“Optimizing the degradation kinetics is nontrivial and may be better suited for a biotech company,” he said. “We focus more on the performance of the hydrogels and the underlying molecular mechanisms”
The Latest on: Bioscaffold
via Google News
The Latest on: Bioscaffold
- Small Intestinal Submucosa as a Potential Bioscaffold for Intervertebral Disc Regenerationon September 30, 2019 at 5:00 pm
Study Design. To evaluate the capacity of porcine small intestine submucosa to support the in vitro proliferation of human disc cells and the synthesis of extracellular matrix that could restore the ...
- Wyss researchers develop bioscaffold to recruit T cells for blood vessel repairon August 8, 2019 at 5:00 pm
The Wyss Institute for Biologically Inspired Engineering at Harvard University works in a range of cutting-edge med-tech fields. Only a few years ago, it opted to incorporate one focus specifically on ...
- FDA clears bioscaffold from Tela Bio for soft tissue use in plastic, reconstructive surgeryon April 22, 2019 at 5:00 pm
LONDON – It’s no secret that American citizens pay the most for drugs, but the extent of the disparity is laid bare in a new index of the prices of 13... DUBLIN – Crispr Therapeutics AG has delivered ...
- CAREER: Graphene as a Bioscaffold for Musculoskeletal Tissue Engineeringon March 25, 2019 at 5:00 pm
Broader Impacts: By integrating graphene into the tissue engineering cycle, potentially transformational outcomes will likely include new instrumentation for stem cell culture, new multifunctional ...
- Admedus receives European CE Mark for CardioCel 3D® and VascuCel®on March 9, 2019 at 4:00 pm
The first phase of the commercial launch of CardioCel 3D® in Europe begins later this month Admedus Ltd (ASX:AHZ) has received regulatory approval in the form of the CE Mark for its CardioCel® 3D ...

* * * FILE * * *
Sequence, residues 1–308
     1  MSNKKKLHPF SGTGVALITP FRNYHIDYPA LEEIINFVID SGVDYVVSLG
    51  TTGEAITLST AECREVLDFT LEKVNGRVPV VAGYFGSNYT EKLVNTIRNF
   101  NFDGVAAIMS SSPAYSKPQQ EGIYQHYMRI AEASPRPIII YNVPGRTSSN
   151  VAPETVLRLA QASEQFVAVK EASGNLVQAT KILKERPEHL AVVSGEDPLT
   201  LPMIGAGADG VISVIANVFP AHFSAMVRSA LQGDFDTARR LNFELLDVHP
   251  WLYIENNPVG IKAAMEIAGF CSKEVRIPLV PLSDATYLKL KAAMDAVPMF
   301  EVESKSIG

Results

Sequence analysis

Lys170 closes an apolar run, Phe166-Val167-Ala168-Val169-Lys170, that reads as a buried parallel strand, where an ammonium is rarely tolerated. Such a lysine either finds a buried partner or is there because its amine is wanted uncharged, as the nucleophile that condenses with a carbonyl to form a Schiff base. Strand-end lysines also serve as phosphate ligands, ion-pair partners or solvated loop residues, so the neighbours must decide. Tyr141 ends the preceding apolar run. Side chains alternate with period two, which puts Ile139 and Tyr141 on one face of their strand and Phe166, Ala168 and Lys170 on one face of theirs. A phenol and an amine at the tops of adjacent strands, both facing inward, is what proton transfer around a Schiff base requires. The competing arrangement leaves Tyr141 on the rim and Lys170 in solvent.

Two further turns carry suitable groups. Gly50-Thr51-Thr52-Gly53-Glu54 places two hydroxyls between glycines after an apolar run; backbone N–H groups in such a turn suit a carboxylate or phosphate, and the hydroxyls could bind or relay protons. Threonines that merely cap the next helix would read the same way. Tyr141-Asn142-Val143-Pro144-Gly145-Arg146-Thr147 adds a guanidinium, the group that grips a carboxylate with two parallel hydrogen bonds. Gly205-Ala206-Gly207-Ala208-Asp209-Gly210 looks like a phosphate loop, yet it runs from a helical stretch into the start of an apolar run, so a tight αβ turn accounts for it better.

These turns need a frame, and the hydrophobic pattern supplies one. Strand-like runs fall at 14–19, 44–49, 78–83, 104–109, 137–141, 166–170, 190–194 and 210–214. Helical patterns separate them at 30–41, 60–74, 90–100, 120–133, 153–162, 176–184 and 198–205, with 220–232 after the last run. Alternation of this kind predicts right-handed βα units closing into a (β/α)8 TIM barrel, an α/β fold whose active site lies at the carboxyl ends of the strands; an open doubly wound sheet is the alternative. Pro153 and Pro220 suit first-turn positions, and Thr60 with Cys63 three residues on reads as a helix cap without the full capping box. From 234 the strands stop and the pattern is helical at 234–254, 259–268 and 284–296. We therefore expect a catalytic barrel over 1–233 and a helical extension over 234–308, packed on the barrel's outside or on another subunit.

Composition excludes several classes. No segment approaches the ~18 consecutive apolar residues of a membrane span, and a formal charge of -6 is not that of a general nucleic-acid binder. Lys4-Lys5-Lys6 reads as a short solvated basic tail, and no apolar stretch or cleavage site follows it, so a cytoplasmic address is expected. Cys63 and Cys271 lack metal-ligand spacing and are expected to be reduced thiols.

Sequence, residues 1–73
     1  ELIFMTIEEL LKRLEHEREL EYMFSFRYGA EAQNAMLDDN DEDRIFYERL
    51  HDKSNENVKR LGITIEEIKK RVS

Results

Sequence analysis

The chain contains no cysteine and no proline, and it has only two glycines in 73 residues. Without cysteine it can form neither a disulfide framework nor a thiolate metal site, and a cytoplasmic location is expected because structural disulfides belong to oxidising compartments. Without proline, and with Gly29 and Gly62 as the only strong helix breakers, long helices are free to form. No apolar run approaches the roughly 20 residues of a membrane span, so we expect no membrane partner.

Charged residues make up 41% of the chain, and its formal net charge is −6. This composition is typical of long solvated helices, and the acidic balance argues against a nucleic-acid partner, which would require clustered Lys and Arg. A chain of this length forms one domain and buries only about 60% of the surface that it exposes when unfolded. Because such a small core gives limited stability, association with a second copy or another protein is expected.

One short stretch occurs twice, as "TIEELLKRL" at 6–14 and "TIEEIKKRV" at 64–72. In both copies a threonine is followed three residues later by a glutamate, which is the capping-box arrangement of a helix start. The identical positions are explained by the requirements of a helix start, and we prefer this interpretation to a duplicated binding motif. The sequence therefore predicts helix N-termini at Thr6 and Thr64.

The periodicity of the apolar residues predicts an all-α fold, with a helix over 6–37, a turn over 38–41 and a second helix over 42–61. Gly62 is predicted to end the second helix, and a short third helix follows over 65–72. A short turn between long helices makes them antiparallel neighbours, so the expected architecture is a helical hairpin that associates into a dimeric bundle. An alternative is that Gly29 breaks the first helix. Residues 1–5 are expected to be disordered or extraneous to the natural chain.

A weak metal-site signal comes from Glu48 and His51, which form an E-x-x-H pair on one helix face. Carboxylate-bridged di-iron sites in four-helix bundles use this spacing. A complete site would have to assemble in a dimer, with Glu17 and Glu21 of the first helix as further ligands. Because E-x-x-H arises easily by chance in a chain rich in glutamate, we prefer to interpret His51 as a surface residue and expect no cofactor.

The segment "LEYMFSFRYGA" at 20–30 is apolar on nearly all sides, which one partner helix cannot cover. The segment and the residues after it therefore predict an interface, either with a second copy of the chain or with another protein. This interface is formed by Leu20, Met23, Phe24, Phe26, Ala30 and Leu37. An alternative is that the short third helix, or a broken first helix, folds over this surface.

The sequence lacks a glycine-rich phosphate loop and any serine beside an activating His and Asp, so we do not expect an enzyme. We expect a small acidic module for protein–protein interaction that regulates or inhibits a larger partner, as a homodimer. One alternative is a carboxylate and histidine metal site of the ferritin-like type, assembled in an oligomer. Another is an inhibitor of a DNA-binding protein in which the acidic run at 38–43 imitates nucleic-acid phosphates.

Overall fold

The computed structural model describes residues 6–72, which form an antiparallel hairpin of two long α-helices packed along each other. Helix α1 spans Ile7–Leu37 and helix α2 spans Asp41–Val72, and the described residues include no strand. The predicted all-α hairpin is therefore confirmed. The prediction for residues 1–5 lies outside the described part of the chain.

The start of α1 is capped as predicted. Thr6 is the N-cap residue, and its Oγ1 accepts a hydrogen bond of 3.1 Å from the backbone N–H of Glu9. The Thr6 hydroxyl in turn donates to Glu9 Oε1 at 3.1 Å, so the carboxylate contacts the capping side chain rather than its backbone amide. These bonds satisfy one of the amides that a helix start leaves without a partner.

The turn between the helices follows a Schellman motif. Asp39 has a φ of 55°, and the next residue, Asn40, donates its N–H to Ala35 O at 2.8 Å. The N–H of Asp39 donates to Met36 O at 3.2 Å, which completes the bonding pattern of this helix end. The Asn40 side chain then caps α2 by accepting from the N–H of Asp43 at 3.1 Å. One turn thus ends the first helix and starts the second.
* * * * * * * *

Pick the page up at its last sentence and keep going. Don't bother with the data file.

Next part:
- Nerves repaired using bioscaffold fitted with “radio” antennaon July 23, 2018 at 8:59 am
The body’s ability to repair damaged nerves is something of a mystery. For neurologists, it seems clear that damage to the central nervous system—the brain and spinal cord—cannot be repaired. However, ...
- 3D Bioscaffold Mimics Antigen-Presenting Cells for Improved T-Cell Expansionon January 16, 2018 at 1:27 am
Researchers in the U.S. have developed a 3D biomaterial scaffold that can promote much faster ex vivo expansion of functional T cells than currently available technologies. The new scaffold is ...
- Cryopreservation of Human Mesenchymal Stem Cells in an Allogeneic Bioscaffold based on Platelet Rich Plasma and Synovial Fluidon November 15, 2017 at 4:00 pm
An allogeneic and biomimetic bioscaffold composed of Platelet Rich Plasma and synovial fluid that preserve and mimics the natural environment of MSCs isolated from knee has also been developed. We ...
- Acellular Urethra Bioscaffold: Decellularization of Whole Urethras for Tissue Engineering Applicationson February 5, 2017 at 4:00 pm
We established the decellularization of porcine urethras to produce acellular urethra bioscaffolds for future tissue engineering applications, using bioscaffolds or bioscaffold-derived soluble ...
- Chester County bioscaffold products developer settles patent disputeon November 21, 2016 at 2:54 am
TELA Bio Inc., a Chester County company specializing in biomaterials used for soft tissue repair, said Monday it has settled its legal dispute with LifeCell Corp. The terms of the agreement are being ...
via Bing News